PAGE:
Pancreatic Cancer Facts 2009

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    Pancreatic Cancer Facts 2009
    Pancreatic cancer is one of the DEADLIEST CANCERS
         •   Pancreatic cancer is the 10th most commonly diagnosed cancer and the 4th leading cause of
             cancer death in the United States.1
         •   Pancreatic cancer has the highest mortality rate of all the major cancers: 95% of patients die
             within five years of diagnosis and only 5% survive more than five years. 76% of patients with
             pancreatic cancer die within the first year of diagnosis. 1
         •   Unlike many other cancers, the survival rate for the disease has not improved substantially over
             the past 30 years. Since 1975, the five-year survival rate for pancreatic cancer has improved
             only from 3% to 5%.2
         •   This year, an estimated 42,470 Americans will be diagnosed with pancreatic cancer and 35,240
             will die from the disease.1
         •   The number of new pancreatic cancer cases and the number of deaths caused by the disease
             are increasing – not decreasing. In 2009, the expected number of new pancreatic cancer cases
             is projected to increase by 12%1 and is projected to increase by 55% by the year 2030. 3
         •   The incidence of pancreatic cancer is 50% higher among African Americans than in any other
             racial group in the United States. 4

    Little is known about risk factors and there are NO EARLY
    Today, only a few risk factors for pancreatic cancer are known. More research is needed to understand
    their direct relationship to the disease. Further complicating matters, there are no early detection
    methods and most symptoms are vague and could be attributed to many different conditions.
        • Symptoms include: pain (usually abdominal or back pain), weight loss, jaundice (yellowing of
             the skin and eyes), loss of appetite, nausea, changes in stool, and diabetes.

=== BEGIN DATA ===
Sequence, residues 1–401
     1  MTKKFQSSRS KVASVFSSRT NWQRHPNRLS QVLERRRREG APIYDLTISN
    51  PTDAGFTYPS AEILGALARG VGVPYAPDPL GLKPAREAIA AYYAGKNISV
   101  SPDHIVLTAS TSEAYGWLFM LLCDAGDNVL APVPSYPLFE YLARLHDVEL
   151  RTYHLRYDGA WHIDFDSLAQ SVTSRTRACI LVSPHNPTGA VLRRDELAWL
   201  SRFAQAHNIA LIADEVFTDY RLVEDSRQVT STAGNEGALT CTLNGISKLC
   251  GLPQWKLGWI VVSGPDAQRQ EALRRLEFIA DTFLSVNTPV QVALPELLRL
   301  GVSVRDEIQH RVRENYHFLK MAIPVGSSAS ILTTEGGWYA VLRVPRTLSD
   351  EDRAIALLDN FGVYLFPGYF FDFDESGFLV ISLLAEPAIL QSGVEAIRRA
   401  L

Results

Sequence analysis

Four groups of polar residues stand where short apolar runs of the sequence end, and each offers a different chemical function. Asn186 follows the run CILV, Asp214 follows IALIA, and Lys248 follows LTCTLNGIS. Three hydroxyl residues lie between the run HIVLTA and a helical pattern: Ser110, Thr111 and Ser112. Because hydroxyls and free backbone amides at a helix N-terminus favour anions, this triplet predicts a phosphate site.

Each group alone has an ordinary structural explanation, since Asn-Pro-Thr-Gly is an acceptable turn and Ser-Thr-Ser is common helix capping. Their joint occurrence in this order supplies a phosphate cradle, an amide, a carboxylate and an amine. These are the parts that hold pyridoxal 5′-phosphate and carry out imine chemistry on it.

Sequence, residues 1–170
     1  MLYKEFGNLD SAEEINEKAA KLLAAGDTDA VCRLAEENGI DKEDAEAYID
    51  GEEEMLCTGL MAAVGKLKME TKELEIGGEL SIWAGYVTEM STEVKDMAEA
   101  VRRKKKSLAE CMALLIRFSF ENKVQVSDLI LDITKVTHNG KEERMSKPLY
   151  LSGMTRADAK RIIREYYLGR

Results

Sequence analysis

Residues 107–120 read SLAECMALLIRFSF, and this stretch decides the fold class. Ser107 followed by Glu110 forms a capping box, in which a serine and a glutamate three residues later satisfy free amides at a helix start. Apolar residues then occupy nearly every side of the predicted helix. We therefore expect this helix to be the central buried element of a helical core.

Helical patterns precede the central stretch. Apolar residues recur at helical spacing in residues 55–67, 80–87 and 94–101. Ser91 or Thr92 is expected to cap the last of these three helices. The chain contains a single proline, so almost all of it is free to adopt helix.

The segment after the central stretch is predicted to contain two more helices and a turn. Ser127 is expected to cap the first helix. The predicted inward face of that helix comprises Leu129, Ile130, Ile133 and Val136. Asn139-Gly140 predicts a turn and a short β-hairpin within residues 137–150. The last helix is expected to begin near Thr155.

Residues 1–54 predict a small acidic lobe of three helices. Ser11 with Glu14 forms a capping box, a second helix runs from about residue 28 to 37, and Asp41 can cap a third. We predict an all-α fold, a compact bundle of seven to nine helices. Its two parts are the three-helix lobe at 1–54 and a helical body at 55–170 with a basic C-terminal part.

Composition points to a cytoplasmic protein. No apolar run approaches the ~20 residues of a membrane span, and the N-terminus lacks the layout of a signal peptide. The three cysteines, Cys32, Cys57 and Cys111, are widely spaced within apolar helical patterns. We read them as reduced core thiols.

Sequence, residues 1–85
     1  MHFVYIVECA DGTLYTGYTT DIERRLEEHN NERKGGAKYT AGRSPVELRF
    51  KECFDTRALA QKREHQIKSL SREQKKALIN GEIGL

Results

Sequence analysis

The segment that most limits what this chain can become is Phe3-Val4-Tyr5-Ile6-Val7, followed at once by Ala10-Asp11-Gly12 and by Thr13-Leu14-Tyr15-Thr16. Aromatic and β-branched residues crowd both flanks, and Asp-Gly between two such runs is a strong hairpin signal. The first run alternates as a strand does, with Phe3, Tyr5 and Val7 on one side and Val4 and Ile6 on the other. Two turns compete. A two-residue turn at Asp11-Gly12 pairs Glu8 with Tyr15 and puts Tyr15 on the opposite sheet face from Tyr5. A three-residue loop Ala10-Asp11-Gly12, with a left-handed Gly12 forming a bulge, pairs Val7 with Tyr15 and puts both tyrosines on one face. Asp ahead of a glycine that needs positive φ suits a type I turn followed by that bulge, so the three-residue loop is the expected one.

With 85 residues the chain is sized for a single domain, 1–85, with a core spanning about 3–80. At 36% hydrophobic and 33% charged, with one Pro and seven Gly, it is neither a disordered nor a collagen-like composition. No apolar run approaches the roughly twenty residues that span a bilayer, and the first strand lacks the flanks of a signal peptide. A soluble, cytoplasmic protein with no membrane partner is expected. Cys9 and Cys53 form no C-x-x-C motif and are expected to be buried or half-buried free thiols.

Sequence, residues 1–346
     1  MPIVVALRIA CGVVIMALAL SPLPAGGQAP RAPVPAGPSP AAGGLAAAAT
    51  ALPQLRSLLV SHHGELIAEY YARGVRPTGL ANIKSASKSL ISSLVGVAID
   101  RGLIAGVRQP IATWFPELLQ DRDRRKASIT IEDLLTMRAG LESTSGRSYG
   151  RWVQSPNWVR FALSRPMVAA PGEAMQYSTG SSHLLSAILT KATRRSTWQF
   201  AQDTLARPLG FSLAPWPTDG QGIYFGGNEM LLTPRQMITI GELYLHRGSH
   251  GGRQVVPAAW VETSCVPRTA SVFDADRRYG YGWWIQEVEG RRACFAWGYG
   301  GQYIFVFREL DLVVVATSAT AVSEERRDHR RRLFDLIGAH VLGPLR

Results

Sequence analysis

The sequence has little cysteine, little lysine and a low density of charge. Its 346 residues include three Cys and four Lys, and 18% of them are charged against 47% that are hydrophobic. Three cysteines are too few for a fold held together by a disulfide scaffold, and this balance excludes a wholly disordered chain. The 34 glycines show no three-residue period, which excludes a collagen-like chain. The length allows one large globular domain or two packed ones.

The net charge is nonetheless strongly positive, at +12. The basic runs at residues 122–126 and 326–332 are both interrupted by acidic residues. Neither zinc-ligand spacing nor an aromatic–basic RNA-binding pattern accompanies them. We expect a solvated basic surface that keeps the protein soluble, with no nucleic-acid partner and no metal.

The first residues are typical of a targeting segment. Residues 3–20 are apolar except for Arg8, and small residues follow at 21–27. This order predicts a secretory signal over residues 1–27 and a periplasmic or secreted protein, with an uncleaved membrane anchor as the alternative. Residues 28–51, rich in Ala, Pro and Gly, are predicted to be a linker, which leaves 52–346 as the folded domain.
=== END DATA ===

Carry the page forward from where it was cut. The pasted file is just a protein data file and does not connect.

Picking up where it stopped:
• The disease is often diagnosed in late stages due to the location of the pancreas in the body,
             the absence of definitive symptoms, and the lack of early detection methods. In fact, 52% of
             patients are diagnosed when they have advanced (metastatic) disease that has already spread
             to other organs. 2

    Treatment options are EXTREMELY LIMITED
    There are currently no curative treatments for pancreatic cancer. Research in this area is desperately
       • Surgery currently offers the best opportunity for long-term survival. However, only 15% of cases
           are diagnosed early enough for surgery. Furthermore, 80% of the patients who undergo surgery
           will have a recurrence of the disease within two years. The most common surgical procedure to
           remove tumors in the pancreas is called the Whipple procedure (a pancreaticoduodenectomy).
           Surgery may be followed by chemotherapy or chemotherapy with radiation.
       • For the patients who are not surgical candidates, chemotherapy or chemotherapy with radiation
           is typically offered.
       • Only two drugs are currently approved by the U.S. Food and Drug Administration to treat
           pancreatic cancer: gemcitabine (Gemzar®), which was approved for such use in 1996, and
           erlotinib (Tarceva®) which was approved in 2005. While these treatments can be beneficial in
           treating some patients, they are not considered curative.

Pancreatic Cancer Action Network | 2141 Rosecrans Ave. Suite 7000 | El Segundo, CA 90245 | Tel: 877.272.6226 |